Seniors & Veins

Older adults should consider the health of their veins. Paying attention to venous health is an important aspect of successful aging – and one that has historically gone untreated.

“Many seniors have been told that heavy, aching legs are a normal part of aging, but that’s often not the case,” said Dr. Asbjornsen of the Vein Healthcare Center in Maine. “There are solutions for venous insufficiency that make people feel better, no matter what their age.”

Venous insufficiency occurs when healthy veins become damaged and allow the backward flow of blood into the lower extremities. This pooling of blood can lead to a feeling of heaviness and/or aching and can cause skin changes, such as spider veins or a brown, woody appearance of the lower legs.

Seniors’ veins respond differently to everyday stress compared to that of a younger person’s because vein walls are primarily made of collagen. As the body ages, a decrease in the production of collagen causes the veins to become more brittle and the values more likely to fail, especially in the superficial veins. Thus, there is a higher incidence of varicose veins in the elderly population.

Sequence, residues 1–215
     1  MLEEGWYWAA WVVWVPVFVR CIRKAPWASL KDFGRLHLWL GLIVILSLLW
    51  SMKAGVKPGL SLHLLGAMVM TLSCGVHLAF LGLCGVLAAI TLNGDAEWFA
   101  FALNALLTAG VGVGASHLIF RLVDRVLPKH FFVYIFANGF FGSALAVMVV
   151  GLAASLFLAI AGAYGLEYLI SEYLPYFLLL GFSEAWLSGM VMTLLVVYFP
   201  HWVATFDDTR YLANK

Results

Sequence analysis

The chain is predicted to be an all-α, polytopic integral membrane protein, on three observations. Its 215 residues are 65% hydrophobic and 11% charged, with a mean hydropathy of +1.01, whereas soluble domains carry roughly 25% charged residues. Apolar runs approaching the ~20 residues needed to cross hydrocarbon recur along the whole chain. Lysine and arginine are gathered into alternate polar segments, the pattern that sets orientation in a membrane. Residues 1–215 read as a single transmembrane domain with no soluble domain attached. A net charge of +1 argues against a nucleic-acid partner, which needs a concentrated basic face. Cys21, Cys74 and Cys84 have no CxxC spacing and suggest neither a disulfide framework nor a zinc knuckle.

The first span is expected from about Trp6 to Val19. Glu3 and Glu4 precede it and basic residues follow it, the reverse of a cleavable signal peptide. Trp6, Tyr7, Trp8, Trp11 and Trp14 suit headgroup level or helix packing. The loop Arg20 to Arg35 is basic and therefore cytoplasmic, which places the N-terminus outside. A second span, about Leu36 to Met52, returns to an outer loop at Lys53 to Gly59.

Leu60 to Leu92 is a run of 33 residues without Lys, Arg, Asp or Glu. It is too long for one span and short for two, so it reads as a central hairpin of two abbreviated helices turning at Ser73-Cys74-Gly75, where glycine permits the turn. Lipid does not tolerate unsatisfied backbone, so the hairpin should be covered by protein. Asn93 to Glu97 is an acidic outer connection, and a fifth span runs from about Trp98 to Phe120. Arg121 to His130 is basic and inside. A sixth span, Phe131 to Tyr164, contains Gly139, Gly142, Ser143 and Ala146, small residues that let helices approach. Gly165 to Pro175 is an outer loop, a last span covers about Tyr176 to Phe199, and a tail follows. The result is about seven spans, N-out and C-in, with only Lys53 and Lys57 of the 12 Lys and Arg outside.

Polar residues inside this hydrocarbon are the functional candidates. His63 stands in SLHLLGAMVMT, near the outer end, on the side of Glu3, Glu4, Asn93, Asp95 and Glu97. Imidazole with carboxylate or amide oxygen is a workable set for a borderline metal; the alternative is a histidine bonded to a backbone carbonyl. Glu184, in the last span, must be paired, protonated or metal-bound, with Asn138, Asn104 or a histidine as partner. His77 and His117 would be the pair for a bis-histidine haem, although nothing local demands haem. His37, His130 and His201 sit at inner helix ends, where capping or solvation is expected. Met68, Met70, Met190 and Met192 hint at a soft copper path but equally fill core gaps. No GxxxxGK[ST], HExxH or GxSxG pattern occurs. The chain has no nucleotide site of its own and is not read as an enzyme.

Additionally, the skin begins to lose its elasticity and doesn’t respond to stress the way it once did And because skin is the “end organ” of venous disease, ulcers can occur as a result of damaged veins.

Deep vein thrombosis (DVT) is more common than once thought. DVT occurs when a blood clot forms in one of the large veins, usually one of the lower limbs, such as the thigh or calf. The incidence of DVTs is higher in older people because of three main risk factors:

Because seniors tend to be less active as a result of other medical conditions, such as arthritis or a respiratory issue that makes them less likely to walk or exercise, they’re more likely to become immobile as a result of a surgery or injury (such as a knee or hip replacement).

Some seniors think that “vein stripping” is the only option. While it was the go-to procedure for many years, treatment for venous disease today is vastly different. Breakthroughs in phlebology and new approaches to treatment involve less time, less pain and they are overwhelmingly successful over the long term when performed by an experienced specialist. The risk-benefit ratio makes treatment an ideal option for seniors.

Although seniors have a 50% greater chance of suffering from vein disease, they have the same success with modern treatment options as anyone else. Modern techniques, such as endovenous ablation or ultrasound-guided sclerotherapy, are the most effective solutions for the majority of vein problems. They are minimally invasive, highly successful and are not reserved for the young.

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